Top critical review
on 29 September 2014
“No other species anywhere in the world had invented boredom[...] that strange ability to think “How dull. I wonder what happens if I bang this rock on that head?””
Thankfully, Terry Pratchett addresses his boredom by writing novels and Thief of Time is the 26th set in Discworld. The plot revolves around the construction of the perfect glass clock, craved by The Auditors, a group of supernatural clipboard holders, because it will freeze time and enable them to eradicate humanity's unpredictability.
When (the personification of) Death learns of the plan he sends his granddaughter, Susan, on a thwarting mission. The news of the clock also reaches a valley which is partly populated by the History Monks, one of whom, Lu-Tze, has experience of such a device's power and is keen to block its construction.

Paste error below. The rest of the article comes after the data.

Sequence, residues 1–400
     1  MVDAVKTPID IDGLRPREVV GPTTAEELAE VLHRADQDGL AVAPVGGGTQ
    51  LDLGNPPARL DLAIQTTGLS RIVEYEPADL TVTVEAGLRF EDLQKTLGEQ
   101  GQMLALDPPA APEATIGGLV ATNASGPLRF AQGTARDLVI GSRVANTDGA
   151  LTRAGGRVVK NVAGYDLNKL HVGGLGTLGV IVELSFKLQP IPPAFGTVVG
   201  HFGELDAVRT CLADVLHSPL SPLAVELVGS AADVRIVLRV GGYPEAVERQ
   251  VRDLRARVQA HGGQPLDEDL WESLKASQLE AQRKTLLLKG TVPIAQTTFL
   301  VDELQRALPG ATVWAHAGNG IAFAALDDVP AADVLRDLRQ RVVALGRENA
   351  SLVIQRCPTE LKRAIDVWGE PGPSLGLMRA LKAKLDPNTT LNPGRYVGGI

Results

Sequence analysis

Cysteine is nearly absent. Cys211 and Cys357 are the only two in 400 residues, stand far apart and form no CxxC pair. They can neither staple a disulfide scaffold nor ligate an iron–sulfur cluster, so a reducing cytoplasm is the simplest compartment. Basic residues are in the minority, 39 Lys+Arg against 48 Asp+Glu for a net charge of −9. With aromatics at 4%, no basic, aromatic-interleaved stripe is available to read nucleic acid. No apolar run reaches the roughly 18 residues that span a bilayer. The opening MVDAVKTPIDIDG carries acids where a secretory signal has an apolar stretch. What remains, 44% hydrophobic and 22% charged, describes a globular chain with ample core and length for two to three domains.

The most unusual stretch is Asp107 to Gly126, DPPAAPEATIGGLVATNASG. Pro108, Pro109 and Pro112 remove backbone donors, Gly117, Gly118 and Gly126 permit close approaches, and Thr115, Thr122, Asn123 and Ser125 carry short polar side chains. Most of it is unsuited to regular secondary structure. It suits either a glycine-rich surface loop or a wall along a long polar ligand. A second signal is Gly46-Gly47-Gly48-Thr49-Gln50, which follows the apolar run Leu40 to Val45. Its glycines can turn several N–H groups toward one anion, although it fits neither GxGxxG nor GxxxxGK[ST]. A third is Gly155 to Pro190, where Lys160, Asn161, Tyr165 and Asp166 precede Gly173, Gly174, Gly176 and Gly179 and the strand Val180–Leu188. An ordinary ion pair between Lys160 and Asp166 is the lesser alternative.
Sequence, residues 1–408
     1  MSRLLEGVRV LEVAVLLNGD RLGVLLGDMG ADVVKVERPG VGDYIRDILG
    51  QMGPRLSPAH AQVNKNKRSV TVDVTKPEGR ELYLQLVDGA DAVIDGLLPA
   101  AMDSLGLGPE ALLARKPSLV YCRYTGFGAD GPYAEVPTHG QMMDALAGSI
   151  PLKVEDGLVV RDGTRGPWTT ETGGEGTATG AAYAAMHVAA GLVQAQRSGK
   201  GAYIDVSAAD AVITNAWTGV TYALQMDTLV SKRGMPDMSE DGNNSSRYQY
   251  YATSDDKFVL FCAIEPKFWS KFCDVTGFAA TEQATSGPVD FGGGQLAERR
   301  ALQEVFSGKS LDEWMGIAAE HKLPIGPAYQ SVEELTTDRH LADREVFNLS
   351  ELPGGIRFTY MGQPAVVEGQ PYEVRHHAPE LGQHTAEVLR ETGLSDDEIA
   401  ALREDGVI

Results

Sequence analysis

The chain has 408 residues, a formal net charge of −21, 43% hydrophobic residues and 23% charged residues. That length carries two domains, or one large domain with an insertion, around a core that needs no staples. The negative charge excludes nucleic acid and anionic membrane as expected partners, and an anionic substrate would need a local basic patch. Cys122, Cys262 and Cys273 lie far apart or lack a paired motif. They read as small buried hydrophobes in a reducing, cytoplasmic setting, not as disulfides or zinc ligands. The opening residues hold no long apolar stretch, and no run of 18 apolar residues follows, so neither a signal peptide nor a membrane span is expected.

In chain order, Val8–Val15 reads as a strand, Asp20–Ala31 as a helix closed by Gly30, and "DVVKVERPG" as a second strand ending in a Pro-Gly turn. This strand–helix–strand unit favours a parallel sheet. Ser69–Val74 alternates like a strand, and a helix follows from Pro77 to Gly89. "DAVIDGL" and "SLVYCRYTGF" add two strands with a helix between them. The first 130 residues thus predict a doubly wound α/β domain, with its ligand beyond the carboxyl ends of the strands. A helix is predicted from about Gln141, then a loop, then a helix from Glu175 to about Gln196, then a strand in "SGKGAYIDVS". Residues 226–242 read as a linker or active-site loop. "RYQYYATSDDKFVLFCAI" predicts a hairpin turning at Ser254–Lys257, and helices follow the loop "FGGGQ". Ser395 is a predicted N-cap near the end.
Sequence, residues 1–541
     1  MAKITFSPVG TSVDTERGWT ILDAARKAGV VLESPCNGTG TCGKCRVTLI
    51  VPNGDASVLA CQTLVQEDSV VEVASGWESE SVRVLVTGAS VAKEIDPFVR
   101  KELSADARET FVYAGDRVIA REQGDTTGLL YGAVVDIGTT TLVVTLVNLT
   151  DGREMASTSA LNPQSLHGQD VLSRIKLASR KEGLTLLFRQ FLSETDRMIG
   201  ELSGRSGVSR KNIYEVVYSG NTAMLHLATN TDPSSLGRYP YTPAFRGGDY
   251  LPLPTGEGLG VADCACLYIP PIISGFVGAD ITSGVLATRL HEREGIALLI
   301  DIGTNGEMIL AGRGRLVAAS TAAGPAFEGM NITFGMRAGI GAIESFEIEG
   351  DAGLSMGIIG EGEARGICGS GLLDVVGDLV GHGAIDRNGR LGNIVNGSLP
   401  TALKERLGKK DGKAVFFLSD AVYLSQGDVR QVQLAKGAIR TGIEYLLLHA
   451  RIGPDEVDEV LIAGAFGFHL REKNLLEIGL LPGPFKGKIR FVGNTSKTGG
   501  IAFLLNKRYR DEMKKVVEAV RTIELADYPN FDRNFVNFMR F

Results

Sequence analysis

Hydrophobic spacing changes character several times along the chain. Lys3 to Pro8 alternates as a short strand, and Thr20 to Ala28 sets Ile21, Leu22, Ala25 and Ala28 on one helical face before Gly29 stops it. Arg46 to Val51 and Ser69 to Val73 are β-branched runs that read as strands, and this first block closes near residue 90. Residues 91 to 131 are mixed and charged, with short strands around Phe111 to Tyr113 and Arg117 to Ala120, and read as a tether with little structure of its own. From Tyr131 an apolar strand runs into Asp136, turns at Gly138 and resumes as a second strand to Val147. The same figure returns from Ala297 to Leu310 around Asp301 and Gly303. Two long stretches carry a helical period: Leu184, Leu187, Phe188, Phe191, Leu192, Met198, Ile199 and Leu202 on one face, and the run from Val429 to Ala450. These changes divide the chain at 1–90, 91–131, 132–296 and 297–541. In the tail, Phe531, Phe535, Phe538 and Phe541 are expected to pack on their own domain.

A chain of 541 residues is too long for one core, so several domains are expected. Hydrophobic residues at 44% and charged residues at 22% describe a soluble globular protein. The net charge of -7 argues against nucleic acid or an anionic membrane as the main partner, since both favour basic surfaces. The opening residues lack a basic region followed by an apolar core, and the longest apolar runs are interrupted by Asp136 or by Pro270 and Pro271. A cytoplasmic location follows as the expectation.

Thus, with all of elements of the screwball plot in place, Pratchett uses it to riff on the nature of time and relativity. The novel is stronger on philosophy than character or plot. Its comedy is gentle rather than tear inducing, although the description of Susan's classroom is excellent as is the satire of martial art movie tropes. The reader also discovers that death by chocolate really is a possibility.
Although it is not his best and not an ideal entry point for a new discoverer of the Discworld, Pratchett's voice is unique. He is incapable of writing a bad novel and long may he alleviate his boredom by treating us to the fruits of his imagination.